“Structured recess” sounds like an oxymoron, especially to those people who are, as one girl in Not Much Just Chillin’ put it, “allergic to anything with the word ‘ball.’” For the introverted and athletically uninclined, fresh hell might be a coach forcing you into a game of kickball during a precious half-hour you could be spending slumped along the wall of the school building, undisturbed by the classmates who will never understand you, reading kiddy manga.
But recess often winds up no fun for even those children eager to run around and play games. I spent a year writing about an elementary school whose kids grew up in environments where they did not learn how to manage conflict peacefully or follow the rules of games, where anger escalated with the uplifting of an eyebrow, where fourth-graders could not manage one single round of foursquare or Uno without fighting or quitting. After that, I am intrigued by the idea of “recess coaches,” which have been getting a burst of press lately. (See this and this and this; whoever does Playworks’ PR deserves a raise.)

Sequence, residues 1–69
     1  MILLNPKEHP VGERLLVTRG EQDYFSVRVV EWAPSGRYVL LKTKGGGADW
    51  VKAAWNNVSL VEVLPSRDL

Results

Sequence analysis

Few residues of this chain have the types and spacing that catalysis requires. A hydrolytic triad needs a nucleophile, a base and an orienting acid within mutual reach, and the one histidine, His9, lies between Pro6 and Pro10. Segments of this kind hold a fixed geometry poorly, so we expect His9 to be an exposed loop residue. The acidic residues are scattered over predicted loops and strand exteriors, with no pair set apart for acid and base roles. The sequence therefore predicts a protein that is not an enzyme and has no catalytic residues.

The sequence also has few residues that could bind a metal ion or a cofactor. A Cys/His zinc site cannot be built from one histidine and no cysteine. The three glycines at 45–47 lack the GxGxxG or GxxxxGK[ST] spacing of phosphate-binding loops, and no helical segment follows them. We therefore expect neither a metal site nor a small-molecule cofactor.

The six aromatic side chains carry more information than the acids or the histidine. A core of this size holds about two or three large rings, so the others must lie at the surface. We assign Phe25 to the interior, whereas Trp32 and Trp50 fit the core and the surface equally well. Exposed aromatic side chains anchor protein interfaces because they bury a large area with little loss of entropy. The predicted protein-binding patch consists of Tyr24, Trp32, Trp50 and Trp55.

Teachers sometimes carry into recess duty the exhaustion and built-up antagonisms of the classroom, and regular aides may lack training to properly manage the chaos. Enter the trained coach. Who, by the way, is assisted by a host of junior coaches, the students themselves, which I love. But then again, I always loved day camp, and this feels a lot like that.